As the Trump administration’s crackdown on immigration increases, police around the country are having a harder time reassuring their undocumented population that they won’t be acting as defacto ICE agents. In some parts of the country, undocumented residents are refusing to report crimes out of fear they will be questioned about their immigration status. This lack of reporting can contribute to a rise in criminal activity, as witnesses and victims are less likely to help police locate perpetrators or provide testimony. To prevent this from happening in Bellevue, Washington (a suburb of Seattle), the police department released a video reassuring citizens that police officers would not cooperate with an immigration officer in any way that could threaten the safety or freedom of its law-abiding citizens, undocumented or otherwise.
There are two conditions citizens of Bellevue need to know, however.
If someone is arrested, a police officer could inquire about a person’s immigration status. Secondly, when an undocumented criminal is arrested for a serious crime, immigration could be contacted to have that person removed if they are a threat to the public safety. In the video, Corporal Antonio Romero explains that this condition would not apply to anyone arrested for a minor crime or even a traffic violation.
“My beautiful friend @antonsoggiu came to visit from Norway and he included me in his magical art. TEN SECOND PORTRAITS. It’s always great to be in front of his lens but this time it was just me. Bare and exposed in the streets of la. No makeup. No styling. Just me. I suffer from anxiety. And watching this clip I could see how anxious I was but I empathize with myself. I wanted to protect her and tell her it’s ok to be anxious, there is nothing different or strange about having anxiety and I will prevail. I like watching this video. It makes me uncomfortable but there is a freedom I feel maybe even an acceptance. This is me. Puro Gina.”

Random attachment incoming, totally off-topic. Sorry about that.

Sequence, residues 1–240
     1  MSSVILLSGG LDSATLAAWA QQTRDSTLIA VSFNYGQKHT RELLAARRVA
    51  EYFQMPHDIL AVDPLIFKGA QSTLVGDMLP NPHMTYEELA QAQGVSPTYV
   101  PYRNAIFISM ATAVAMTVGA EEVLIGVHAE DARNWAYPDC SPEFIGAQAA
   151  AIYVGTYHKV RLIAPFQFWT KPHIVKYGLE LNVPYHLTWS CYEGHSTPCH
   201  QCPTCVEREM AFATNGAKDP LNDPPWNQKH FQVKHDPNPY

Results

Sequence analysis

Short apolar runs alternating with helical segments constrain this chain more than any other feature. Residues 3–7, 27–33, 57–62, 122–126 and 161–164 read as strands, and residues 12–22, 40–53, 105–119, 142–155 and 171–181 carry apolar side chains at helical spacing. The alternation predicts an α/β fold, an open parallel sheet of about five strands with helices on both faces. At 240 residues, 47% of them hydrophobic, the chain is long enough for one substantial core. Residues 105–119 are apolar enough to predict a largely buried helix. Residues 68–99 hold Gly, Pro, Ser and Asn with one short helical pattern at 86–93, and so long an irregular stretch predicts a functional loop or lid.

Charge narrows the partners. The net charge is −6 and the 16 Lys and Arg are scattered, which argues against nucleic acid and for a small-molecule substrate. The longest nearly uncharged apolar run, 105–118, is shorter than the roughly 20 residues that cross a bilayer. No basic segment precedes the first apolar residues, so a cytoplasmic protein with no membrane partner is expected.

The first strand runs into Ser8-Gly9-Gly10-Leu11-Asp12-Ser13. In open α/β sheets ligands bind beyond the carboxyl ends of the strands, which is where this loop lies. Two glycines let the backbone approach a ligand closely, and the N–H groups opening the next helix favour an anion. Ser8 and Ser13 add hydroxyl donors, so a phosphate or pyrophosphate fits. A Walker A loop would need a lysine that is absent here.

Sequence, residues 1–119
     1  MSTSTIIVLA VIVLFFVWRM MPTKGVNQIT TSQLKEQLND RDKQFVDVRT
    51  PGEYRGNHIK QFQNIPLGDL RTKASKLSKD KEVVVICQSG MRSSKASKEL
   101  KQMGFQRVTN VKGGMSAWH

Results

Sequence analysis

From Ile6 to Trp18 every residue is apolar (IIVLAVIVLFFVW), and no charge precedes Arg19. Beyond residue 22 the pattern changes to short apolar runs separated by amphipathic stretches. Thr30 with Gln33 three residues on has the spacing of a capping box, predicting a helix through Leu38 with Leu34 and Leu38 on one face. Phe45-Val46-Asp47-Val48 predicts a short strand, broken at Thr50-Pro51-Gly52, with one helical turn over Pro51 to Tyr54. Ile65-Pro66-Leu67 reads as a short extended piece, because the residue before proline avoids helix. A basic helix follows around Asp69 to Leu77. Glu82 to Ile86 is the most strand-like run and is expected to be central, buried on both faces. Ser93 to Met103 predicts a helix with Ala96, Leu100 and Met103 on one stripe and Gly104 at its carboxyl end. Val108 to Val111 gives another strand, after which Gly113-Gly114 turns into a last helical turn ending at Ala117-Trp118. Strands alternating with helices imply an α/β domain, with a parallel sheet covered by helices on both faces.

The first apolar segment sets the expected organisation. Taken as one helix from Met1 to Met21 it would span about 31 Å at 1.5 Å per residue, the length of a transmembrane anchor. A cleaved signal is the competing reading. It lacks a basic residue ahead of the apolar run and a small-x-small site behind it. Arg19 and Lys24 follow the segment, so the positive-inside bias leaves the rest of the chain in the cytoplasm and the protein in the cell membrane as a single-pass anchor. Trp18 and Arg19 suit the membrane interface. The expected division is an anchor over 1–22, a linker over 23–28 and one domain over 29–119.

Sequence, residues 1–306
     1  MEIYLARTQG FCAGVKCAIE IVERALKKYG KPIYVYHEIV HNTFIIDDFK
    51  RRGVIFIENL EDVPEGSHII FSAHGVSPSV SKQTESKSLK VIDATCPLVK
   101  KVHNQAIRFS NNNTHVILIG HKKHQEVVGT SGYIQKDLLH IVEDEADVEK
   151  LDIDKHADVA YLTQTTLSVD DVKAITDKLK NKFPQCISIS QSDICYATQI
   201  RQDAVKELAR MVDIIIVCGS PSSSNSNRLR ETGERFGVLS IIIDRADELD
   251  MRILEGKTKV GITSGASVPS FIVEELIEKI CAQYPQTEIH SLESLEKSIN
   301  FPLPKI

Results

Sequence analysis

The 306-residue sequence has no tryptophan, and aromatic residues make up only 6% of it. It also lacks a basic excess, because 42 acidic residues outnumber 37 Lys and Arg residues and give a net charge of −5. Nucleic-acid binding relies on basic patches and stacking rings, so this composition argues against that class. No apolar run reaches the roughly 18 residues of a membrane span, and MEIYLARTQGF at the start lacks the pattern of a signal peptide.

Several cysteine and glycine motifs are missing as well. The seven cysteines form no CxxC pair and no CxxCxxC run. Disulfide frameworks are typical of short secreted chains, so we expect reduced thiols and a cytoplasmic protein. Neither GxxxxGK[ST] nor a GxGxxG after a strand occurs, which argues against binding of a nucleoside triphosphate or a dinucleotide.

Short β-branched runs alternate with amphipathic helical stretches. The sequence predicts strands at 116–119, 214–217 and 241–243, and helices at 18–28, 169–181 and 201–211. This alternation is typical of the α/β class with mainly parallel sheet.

In the short clip, where she stares into the camera, trying to smile, wearing no make up, on the street, in a cap — she looks pretty normal. But if you look a little deeper and keep an open mind, you see her bite her lip and struggle to keep the same face for more than a few seconds at a time. She appears to go through a million emotions in the span of 10 seconds, and there’s a sense of discomfort at certain points — that’s the anxiety seeping in.
For some, those feelings can be so intense that they become crippling. For many, like Rodriguez, that’s just a part of their every day lives. More often than not though, it’s not something most Latinos get to learn about themselves or talk about with their families. Sometimes, we just bottle that stuff up, put it away, and get to work, never dealing with it. Many of us don’t even have the healthcare to deal with it even if we wanted to.
Just imagine explaining anxiety to your immigrant abuela. She might just look at you funny. At most, abuela may give you a hug, serve you some asopado, and then ask if you’ve done your chores. All of that may feel wonderful, but it’s not really addressing the issue and that’s just the reality for a lot of us.
The Instagram account has several of these 10-second portraits. Some subjects are smiling…